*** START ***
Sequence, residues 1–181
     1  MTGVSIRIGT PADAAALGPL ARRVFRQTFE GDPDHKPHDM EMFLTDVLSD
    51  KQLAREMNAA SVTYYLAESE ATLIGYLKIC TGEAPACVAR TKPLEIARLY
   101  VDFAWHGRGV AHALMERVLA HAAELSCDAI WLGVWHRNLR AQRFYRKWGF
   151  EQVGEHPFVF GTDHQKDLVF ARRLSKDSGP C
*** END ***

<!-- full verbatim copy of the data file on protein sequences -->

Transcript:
Sequence, residues 1–181
     1  MTGVSIRIGT PADAAALGPL ARRVFRQTFE GDPDHKPHDM EMFLTDVLSD
    51  KQLAREMNAA SVTYYLAESE ATLIGYLKIC TGEAPACVAR TKPLEIARLY
   101  VDFAWHGRGV AHALMERVLA HAAELSCDAI WLGVWHRNLR AQRFYRKWGF
   151  EQVGEHPFVF GTDHQKDLVF ARRLSKDSGP C